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 CASE REPORT
Year : 2018  |  Volume : 13  |  Issue : 2  |  Page : 218-220

Phenotypical variation with same genetic mutation in familial hypokalemic periodic paralysis


1 Royal College of Pediatrics and Child Health, London, United Kingdom
2 University of Lagos, Lagos, Nigeria

Correspondence Address:
Sumant Kumar
Department of Paediatric Neurology, Leicester Royal Infirmary, University Hospitals of Leicester NHS Trust LE1 5WW
United Kingdom
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Source of Support: None, Conflict of Interest: None


DOI: 10.4103/JPN.JPN_44_17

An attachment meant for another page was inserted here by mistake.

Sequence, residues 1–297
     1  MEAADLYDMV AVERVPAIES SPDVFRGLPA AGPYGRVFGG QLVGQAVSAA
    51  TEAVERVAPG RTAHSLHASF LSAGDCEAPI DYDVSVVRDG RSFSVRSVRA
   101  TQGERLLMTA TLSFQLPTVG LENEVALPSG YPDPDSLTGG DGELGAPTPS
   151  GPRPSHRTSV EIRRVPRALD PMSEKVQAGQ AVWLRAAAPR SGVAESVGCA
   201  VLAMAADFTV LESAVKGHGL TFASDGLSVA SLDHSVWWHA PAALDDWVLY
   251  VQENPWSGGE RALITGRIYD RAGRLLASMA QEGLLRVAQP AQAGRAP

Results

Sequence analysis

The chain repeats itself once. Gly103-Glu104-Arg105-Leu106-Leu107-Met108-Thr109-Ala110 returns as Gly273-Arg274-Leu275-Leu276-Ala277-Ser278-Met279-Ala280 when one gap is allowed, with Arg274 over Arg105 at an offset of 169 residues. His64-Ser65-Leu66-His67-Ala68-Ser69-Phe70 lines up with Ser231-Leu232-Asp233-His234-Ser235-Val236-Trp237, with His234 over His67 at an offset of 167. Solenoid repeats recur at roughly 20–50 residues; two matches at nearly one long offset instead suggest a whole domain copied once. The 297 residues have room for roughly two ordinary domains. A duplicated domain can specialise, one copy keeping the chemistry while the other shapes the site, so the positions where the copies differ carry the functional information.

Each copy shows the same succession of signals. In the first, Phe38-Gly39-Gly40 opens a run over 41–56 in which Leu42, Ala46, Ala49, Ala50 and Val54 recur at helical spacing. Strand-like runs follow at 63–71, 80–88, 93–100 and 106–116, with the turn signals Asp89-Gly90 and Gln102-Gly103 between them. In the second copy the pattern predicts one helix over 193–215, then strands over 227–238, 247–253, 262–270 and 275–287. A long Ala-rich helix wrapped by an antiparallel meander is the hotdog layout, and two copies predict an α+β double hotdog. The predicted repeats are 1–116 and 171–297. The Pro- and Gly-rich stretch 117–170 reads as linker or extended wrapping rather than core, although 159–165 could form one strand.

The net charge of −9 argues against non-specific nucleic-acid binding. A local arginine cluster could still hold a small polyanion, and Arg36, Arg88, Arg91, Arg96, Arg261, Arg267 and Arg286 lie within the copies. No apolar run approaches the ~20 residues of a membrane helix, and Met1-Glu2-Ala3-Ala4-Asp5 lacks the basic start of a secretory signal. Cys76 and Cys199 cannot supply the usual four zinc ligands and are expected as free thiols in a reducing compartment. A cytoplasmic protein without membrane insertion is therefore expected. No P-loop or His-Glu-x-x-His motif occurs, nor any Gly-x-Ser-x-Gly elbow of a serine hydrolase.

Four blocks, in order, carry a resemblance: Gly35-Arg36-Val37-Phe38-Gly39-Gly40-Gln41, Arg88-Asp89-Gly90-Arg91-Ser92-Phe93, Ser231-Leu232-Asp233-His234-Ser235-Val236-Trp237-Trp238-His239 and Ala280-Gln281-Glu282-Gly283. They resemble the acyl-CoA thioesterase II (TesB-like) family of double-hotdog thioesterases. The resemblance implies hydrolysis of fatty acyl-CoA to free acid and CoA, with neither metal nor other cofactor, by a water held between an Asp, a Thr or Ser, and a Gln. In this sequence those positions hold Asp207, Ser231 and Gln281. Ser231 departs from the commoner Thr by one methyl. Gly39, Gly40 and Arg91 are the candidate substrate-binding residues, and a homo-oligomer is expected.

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Hypokalemic periodic paralysis is a genetic neuromuscular disorder characterized by episodes of painless muscle paralysis associated with low serum potassium, exclusively, during the attack. This may be precipitated by heavy exercise, fasting, or high-carbohydrate meals. We report two siblings, presenting at different ages with varying symptomatology—older sibling with episodic weakness in the morning associated with reduced physical exercise and consumption of large carbohydrate meal, whereas younger sibling complained of muscle stiffness following large carbohydrate meal and at the end of physical exercise. Molecular genetic study showed both siblings and their father were positive for calcium channel alpha-1S subunit (CACNA1S) C3716G>A; p.Arg1239His mutation. It is important to check serum potassium in a child presenting with muscle stiffness or weakness after a carbohydrate meal or vigorous exercise. This condition responds with potassium supplement. Often relevant family history and trigger factors with clinical correlation and blood results can lead to its diagnosis.






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